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Posted by Tom Cheesewright on

If I could call a referendum…

The lecture series shared by the RSA and the LSE are two of my favourite sources of input. That these two institutions share, for free, the thinking of some of the brightest minds in the world should be lauded, and if you don’t take advantage of them already, I’d highly recommend it.

Listening to one such lecture, on crime and why people commit it, I had a thought.

We are all surrounded right now by noise from both sides of the EU debate. It tends to be more heat than light, emotion than fact. Even the ‘facts’ are somewhat suspect, cherry-picked and skewed by each side in a clumsy attempt to sway the floating voter.

The debate is highly ideological because no-one really knows what would happen were we to leave. My strong suspicion* is that after a couple of decades we would end up in largely the same place either way. It’s just that one route would be rather more painful than the other.

The point is that there is sufficient uncertainty about the result that people can, and do, make impassioned and sometimes compelling arguments on both sides. And facts alone cannot settle who is right.

This is not the case in all areas of policy. Sometimes we know what works. What approach will help us to achieve the most desirable outcome.

I’m not talking about ‘big P’ politics here: left and right, high tax or low tax, public services or market economy. Rather I am concerned with the ‘small p’ political decisions. In many ways, the ones that really matter to people’s lives. More operational decisions about how we handle issues like crime reduction and public health improvement.

Here there are often tested and proven strategies. Science offers us answers.

Unfortunately these answers conflict with people’s instinct and ideology. For example, better sex and relationship education doesn’t increase sexual activity in young people, but it does reduce risky behaviour leading to pregnancy and STDs.

Likewise with crime. As Tom Gash points out in his talk, and book, we know that offenders given a role with status on leaving prison are much less likely to re-offend. But instead our conversation is always about harsher sentencing.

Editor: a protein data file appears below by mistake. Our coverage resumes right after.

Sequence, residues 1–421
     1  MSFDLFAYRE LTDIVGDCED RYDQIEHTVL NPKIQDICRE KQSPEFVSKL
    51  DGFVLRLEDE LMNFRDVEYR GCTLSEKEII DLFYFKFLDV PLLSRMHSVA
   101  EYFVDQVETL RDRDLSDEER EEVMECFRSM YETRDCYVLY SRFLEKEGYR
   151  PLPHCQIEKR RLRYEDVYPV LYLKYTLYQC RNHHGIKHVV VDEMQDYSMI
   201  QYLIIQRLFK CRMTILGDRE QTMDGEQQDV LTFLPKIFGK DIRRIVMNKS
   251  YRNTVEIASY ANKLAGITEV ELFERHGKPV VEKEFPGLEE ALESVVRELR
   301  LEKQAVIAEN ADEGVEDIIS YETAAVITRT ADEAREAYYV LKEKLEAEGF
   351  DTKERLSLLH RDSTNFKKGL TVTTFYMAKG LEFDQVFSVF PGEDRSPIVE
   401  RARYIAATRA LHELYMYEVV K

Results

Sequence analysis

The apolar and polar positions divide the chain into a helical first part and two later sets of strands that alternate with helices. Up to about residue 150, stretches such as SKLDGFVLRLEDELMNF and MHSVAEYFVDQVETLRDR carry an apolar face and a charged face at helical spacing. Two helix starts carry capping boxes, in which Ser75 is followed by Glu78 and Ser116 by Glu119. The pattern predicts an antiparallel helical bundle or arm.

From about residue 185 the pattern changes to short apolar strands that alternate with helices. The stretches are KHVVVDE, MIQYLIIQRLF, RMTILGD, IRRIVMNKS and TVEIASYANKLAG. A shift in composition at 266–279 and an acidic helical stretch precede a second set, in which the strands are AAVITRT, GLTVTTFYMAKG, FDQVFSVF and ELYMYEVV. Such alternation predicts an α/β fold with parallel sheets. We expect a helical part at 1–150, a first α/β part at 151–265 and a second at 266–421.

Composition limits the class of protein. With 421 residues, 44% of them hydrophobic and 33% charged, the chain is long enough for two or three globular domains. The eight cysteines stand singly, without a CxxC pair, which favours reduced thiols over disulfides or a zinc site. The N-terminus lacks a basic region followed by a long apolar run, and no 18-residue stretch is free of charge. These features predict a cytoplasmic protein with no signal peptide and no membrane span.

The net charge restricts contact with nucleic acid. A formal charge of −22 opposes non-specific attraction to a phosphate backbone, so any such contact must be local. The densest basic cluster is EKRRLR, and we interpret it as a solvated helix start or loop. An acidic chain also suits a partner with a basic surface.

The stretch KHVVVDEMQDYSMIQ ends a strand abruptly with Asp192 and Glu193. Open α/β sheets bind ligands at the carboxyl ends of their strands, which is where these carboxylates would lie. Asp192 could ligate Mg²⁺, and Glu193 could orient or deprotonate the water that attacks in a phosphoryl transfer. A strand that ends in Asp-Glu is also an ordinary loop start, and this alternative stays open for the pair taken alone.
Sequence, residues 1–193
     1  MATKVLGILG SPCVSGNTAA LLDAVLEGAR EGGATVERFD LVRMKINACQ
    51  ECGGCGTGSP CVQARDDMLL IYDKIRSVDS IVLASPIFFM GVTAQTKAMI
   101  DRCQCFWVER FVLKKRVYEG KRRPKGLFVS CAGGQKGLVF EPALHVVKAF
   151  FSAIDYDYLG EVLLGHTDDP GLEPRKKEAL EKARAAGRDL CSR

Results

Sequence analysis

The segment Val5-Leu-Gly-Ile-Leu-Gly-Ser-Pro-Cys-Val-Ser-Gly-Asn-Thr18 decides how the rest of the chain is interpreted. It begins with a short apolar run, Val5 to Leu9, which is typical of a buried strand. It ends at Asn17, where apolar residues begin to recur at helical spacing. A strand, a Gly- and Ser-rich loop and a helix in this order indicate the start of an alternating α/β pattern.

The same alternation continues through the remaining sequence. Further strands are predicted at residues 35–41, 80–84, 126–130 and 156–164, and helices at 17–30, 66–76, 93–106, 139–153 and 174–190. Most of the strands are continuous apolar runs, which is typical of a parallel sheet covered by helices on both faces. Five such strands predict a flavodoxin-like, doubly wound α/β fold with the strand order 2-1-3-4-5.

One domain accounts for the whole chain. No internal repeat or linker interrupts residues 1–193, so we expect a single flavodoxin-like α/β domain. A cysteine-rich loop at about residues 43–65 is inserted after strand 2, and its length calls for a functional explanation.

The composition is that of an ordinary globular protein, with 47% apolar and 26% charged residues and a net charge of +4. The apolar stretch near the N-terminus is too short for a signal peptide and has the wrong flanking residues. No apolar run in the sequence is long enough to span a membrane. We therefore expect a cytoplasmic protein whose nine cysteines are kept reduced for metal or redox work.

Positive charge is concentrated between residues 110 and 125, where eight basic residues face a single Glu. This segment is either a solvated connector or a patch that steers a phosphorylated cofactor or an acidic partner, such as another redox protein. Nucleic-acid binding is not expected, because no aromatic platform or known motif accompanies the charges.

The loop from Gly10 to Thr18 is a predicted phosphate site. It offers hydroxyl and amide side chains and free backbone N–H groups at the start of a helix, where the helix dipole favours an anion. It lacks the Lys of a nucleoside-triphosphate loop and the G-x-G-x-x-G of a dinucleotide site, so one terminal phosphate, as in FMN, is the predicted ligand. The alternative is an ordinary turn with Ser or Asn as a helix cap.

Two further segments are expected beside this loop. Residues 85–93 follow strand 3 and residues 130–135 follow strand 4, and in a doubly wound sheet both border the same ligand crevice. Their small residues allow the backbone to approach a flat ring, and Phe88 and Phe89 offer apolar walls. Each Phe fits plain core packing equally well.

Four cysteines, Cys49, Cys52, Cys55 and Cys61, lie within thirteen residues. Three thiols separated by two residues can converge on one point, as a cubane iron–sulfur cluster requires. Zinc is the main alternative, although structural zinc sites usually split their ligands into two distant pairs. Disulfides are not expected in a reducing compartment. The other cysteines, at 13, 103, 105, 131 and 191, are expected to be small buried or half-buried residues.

Now I don’t think many people would disagree that cutting the number of unplanned teenage pregnancies and the spread of sexually transmitted diseases is a good thing. No-one wants to increase their chances of being a victim of crime. Nor do they want to bare the enormous cost of the people we keep in jail (around £65,000 to first imprison someone and then around £40,000 per prisoner, per year).

And yet, we are not doing the things we know would deliver these universally desirable outcomes. Because they are counter-intuitive, or go against our deeply held — if ill-informed — beliefs.

So here’s my referendum question for the public. One I think would improve all our lives much more dramatically than being in or out of the EU:

“Given a prevailing weight of scientific evidence, subject to rigorous standards of validation, should the government implement policies that can be shown to improve public health or reduce crime and its impacts?”

Sounds daft when you put it like that, doesn’t it? Of course they should.

It’s far from a perfect question. You could probably add an ethical oversight dimension in there. That’s not without risk, but it’s also not beyond governments to select the science that suits them to rather unpleasant effect.

If you were brave and confident, you could broaden the scope. But imagine if, just within the confines of public health and crime, the government was effectively obliged to follow proven approaches rather than engaging in ideological banter with its opposition.

Wouldn’t that be a better world?

*Much as I’d love to, I can’t afford the time to do a deep dive on this right now unless someone asks/pays me to do so. What the whole issue does show is that organisations need a great level of agility and the ability to run their own foresight processes in order to deal with so much uncertainty.

Posted by Tom Cheesewright on

GeoBusiness: Location is the key to synchronising our two worlds

I’m giving the keynote at the GeoBusiness conference at London’s Business Design Centre in Islington this morning. Followers will know that the built environment has become a bit of a hot topic for me. Smart cities, BIM (Building Information Modelling), and more.